Major setbacks can’t stop para shuttler Jit Thye from being a smash hit

An inspiration to many: Chew Jit Thye was diagnosed with spina bifida since he was born but that did not stop him from aiming big.

PETALING JAYA: From having no knowledge in badminton to becoming a double bronze medallist in the Cambodia SEA Games – that’s the transformation in the life story of national para athlete Chew Jit Thye.

The 24-year-old was diagnosed with spina bifida since he was born but that did not stop him from aiming big.

Spina bifida is a birth defect that occurs when the spine and spinal cord fail to form properly, leaving a section of the spinal cord and nerves exposed through an opening in the back.

Jit Thye went under the knife when he was five months old in the hopes of recovering from his condition.

His doctor, however, made a terrible mistake during the surgery and it caused Jit Thye’s lower body to be affected.

“Everything that seems to be simple for well-bodied people to do in their daily lives is a challenge for me,” said Jit Thye.

“For example, I require more time climbing up the stairs or even getting a glass of water unlike the normal people.”

Despite being physically challenged, Jit Thye has an undying passion for sports since he was a kid.

Physical Education (PE) classes during primary school, however, were difficult for Jit Thye.

While other kids were having fun playing with their friends, Jit Thye could only sit on the bench and watch them.

But his supportive parents Chew Eng Kar (father) and Chan Bee See (mother) were having none of it and they kept Jit Thye’s passion in sports alive when he faced setbacks.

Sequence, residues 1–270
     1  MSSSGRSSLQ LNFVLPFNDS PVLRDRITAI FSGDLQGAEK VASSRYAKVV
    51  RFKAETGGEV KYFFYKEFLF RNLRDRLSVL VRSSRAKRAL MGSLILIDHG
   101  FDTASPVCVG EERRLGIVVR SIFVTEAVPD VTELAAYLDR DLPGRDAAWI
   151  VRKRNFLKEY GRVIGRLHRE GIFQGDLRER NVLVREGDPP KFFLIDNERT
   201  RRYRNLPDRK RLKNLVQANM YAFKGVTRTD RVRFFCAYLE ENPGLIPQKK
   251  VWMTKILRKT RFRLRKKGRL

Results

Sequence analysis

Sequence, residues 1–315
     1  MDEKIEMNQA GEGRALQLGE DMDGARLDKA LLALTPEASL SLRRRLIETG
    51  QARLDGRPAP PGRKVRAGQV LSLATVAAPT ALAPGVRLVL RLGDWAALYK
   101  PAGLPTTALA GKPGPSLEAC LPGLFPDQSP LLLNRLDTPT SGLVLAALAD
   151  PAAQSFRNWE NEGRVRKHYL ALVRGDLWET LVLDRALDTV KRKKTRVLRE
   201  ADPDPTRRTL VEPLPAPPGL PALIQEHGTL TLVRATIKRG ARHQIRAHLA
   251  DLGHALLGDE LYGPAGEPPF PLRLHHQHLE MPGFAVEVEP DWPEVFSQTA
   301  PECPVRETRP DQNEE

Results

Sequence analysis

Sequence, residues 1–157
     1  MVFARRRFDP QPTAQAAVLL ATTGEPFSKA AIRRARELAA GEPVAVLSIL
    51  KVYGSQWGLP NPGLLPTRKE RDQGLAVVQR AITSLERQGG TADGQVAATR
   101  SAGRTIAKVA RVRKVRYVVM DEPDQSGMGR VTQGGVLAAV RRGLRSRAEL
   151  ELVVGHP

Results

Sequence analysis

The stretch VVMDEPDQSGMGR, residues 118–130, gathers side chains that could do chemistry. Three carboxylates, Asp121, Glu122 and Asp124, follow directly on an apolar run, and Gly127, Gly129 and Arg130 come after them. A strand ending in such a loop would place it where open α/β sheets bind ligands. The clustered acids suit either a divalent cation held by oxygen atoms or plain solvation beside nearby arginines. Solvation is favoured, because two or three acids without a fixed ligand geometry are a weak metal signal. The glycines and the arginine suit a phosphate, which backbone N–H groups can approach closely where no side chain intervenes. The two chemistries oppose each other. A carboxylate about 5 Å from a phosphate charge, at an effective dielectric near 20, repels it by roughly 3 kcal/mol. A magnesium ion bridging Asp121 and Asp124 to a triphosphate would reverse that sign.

“From standard one to four, I could only sit and watch the others play during PE classes,” said Jit Thye.

“I was pleasantly surprised when one of my friends invited me to join them for football as a goalkeeper.

“I was having fun until my teacher told me that I shouldn’t keep playing with the walking stick because it was dangerous and I might accidentally hit someone.

“My father then bought a football and took me to the park to play. But as time went on, I started to accept the fact that I could not play football.

“My mother purchased a table tennis table and paddles, and we started playing table tennis.

“Instead of sitting on the wheelchair, I would stand and we spent a lot of time playing because it was fun.”

Jit Thye’s competitive sports career started when he chose wheelchair badminton and trained under coaches Moe Chin Kiat (Ciku) and Woon Sze Wei.

His venture into the sport at 15 was not smooth sailing because he had to learn how to control the wheelchair while hitting the shuttlecock.

“Controlling the wheelchair is a long learning process and I am still learning.

“I usually watched videos of foreign players controlling their wheelchairs and try to learn from there.

“I’m trying to learn how to move smoothly, quickly and steadily.

“It was difficult because I had to juggle controlling the wheelchair and returning the shots.”

Jit Thye became better and earned a national call-up when he bagged gold in the singles and silver in doubles at the 2018 Para Malaysian Games (Sukma) in Perak at the age of 20.

Winning a gold medal in the Indonesian Open last year was Jit Thye’s biggest achievement before he went on to win two bronze medals in the Cambodia SEA Games.

He did not win a gold but the medals are truly meaningful for Jit Thye after returning home empty-handed from his debut at the 2017 Kuala Lumpur SEA Games.

“I made my maiden appearance in 2017 but I lost in the quarter-finals,” said Jit Thye.

“I was frustrated when I saw other athletes receiving awards, taking pictures and sharing the news on social media, because I spent so much time and effort in training but could not win anything.

“So, I worked harder and aimed to reach the semis this time, and I finally did it.”

Jit Thye is keeping his fingers crossed that physically challenged athletes do not give up their dreams or goals.

Jit Thye will now focus on beefing up for his challenge in the Indonesian Open in September and eventually hopes to qualify for the Paralympics.

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